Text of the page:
Amazement will be a common initial reaction to the news that the modest Munich apartment of Cornelius Gurlitt was the hiding place for a €1bn (Dh4.9bn) treasure trove of art that had been missing since the Nazi era.
But the second reaction is to ask what should happen to the collection of 1,500 modernist masterpieces by artists of the calibre of Picasso, Matisse, Renoir and Chagall.
The question is more vexed than simply determining the provenance of the artworks – a difficult enough proposition after 70 years – and returning them to the descendants of the rightful owners, some of whom are likely to have been Jews fleeing persecution.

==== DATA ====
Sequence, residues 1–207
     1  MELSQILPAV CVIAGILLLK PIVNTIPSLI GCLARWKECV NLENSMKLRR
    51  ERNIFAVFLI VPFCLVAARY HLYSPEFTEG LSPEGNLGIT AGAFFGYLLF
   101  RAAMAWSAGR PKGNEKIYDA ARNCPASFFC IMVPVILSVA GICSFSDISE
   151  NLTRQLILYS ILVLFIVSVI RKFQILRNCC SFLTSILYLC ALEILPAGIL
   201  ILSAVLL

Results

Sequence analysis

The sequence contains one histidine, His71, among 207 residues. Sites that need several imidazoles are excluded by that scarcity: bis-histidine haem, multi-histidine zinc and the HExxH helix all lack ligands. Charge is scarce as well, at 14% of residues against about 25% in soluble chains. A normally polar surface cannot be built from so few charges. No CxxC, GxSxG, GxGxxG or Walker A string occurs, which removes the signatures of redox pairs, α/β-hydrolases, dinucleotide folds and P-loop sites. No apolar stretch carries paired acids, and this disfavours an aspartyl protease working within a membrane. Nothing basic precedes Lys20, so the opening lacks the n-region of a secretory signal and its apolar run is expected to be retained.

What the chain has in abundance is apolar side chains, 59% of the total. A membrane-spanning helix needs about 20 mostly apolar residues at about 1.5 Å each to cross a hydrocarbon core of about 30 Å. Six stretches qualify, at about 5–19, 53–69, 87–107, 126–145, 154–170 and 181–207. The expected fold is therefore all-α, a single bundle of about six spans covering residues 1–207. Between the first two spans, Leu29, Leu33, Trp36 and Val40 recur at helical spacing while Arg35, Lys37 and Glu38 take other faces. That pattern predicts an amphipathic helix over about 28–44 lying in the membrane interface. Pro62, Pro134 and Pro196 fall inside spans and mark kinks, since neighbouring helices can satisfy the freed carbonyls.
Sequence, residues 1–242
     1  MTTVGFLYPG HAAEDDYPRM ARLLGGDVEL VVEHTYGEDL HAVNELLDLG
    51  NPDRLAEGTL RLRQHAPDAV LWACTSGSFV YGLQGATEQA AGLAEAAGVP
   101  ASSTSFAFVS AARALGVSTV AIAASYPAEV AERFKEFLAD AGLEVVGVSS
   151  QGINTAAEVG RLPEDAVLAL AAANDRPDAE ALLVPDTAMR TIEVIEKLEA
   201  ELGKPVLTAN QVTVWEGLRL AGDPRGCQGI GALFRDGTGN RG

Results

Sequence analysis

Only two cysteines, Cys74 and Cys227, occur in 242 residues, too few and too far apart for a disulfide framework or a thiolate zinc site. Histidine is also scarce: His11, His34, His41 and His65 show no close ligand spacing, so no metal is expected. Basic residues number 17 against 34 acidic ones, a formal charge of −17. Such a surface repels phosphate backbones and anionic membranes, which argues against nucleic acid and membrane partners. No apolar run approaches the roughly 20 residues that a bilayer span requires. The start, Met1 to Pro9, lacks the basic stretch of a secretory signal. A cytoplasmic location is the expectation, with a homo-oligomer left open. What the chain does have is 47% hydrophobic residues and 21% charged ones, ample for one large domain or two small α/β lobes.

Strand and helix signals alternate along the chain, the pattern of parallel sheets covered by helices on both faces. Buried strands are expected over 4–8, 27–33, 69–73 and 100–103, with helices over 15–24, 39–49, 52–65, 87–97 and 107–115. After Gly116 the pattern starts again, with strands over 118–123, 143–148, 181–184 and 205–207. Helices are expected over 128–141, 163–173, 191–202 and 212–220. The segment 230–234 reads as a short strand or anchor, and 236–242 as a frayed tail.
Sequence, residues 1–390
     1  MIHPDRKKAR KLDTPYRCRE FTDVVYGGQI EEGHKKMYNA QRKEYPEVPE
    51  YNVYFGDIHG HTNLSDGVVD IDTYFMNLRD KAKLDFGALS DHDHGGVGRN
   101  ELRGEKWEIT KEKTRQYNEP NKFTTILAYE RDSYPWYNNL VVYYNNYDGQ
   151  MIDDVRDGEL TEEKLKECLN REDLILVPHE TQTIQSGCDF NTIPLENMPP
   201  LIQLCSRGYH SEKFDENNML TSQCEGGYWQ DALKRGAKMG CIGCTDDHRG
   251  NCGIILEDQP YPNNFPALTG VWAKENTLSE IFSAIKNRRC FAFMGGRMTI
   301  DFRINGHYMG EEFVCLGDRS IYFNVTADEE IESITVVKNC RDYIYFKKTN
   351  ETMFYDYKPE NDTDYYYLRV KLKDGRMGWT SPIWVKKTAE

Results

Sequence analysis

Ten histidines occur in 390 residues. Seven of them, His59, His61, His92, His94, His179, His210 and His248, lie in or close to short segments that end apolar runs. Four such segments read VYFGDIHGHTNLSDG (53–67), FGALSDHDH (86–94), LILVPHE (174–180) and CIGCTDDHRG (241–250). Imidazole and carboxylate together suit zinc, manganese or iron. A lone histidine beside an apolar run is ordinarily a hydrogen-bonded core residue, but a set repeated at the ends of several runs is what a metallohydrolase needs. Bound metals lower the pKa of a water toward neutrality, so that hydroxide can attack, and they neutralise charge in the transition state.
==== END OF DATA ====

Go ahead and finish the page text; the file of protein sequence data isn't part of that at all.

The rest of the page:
Much of the art would not exist at all if not for having been taken by Gurlitt’s father, art dealer and Nazi associate Hildebrand Gurlitt, because it included so-called “degenerate” abstract works that were despised by the Nazi regime.
The complexity of how to deal with the collection might explain why the German authorities kept quiet about the discovery for nearly two years until it was revealed in a magazine. Maybe it’s best to go back to being amazed and hope the collection will one day go on proper display.